Bring the remaining 3 3/4 cups stock to a simmer and taste for salt. Add stock slowly, in doses, around the edge of the dish. For a very juicy, soft panade, best served on its own, like a soup or risotto, add stock nearly to the rim; for a firm but succulent panade, nice as a side dish, fill to about 1 inch below the rim. Wait a minute for stock to be absorbed, then add more to return to the desired depth. The panade may rise a little as the bread swells.

Set panade over low heat and bring to a simmer; look for bubbles around the edges (heating it here saves at least 30 minutes of oven time; it also means every panade you bake starts at the same temperature, so you can better predict total cooking times). Cover the top of the panade with parchment paper, then very loosely wrap the top and sides with foil. Place a separate sheet of foil under the panade or on the rack below it, to catch drips.

Bake until the panade is piping hot and bubbly. It will rise a little, lifting the foil with it. The top should be pale golden in the center and slightly darker on the edges. This usually takes about 1 1/2 hours, but varies according to shape and material of baking dish and oven. (You can hold the panade for another hour or so; just reduce the temperature to 275 degrees until 20 minutes before serving.)

Uncover panade, raise temperature to 375 degrees, and leave until golden brown on top, 10 to 20 minutes. (If you aren’t quite ready when your panade is, re-tent the surface with parchment and foil and reduce the heat to 275 degrees. You can hold it another half hour this way without it overbrowning or drying out.) Slide a knife down the side of the dish and check the consistency of the panade. Beneath the crust, it should be very satiny and it should ooze liquid as you press against it with the blade of the knife. If it seems dry, add a few tablespoons simmering chicken stock and bake for 10 minutes longer.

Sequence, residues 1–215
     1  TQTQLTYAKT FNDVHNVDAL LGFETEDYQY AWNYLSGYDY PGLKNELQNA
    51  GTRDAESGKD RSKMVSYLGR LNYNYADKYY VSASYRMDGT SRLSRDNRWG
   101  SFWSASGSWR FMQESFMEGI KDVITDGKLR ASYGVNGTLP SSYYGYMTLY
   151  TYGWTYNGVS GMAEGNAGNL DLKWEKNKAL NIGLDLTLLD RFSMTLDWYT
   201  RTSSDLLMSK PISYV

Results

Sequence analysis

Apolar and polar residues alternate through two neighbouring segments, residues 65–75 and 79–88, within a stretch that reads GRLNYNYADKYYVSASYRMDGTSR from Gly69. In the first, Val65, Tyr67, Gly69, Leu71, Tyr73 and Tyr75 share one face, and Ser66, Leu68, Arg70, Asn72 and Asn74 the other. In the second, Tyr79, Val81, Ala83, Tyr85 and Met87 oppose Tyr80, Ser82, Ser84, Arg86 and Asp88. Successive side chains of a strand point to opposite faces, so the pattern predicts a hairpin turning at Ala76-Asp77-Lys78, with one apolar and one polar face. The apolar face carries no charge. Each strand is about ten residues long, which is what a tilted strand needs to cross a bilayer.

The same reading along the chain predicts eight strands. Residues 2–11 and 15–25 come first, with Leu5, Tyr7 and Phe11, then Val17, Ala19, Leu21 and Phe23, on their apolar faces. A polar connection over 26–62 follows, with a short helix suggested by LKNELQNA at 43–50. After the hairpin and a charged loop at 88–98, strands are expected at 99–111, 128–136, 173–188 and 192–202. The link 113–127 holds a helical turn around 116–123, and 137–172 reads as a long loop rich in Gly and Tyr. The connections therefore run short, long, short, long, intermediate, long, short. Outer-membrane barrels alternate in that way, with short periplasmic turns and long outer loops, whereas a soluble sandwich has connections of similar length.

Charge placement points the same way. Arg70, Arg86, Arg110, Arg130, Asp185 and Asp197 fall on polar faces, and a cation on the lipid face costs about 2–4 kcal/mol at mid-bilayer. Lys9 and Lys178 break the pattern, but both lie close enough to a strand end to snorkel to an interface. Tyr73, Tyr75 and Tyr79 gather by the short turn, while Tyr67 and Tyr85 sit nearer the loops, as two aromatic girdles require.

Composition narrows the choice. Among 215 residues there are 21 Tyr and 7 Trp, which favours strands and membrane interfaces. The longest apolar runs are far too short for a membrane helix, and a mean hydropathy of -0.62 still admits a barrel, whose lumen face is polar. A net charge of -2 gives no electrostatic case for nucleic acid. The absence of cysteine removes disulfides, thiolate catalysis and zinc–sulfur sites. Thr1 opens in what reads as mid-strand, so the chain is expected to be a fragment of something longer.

Roasted Fennel Soup

Roasted Fennel Soup with Cranberries and Hazelnuts

Serves 4

4 large fennel bulbs, trimmed and cut into 8 wedges

1 1/2 large yellow onions, trimmed and cut into 8 wedges

2 large sprigs rosemary

1/8 cup extra virgin olive oil plus more for drizzling

Fine sea salt

Freshly ground black pepper

5 cups chicken bone broth

1/8 cup roughly chopped dried cranberries

1/8 cup roughly chopped lightly toasted hazelnuts

Heat oven to 375°.

In a large bowl, combine fennel, onions, rosemary and oil; season generously with salt and pepper. Toss together to evenly coat vegetables. Transfer to baking sheets. Roast vegetables, stirring once and rotating pans halfway through, until golden and tender, about 40 minutes.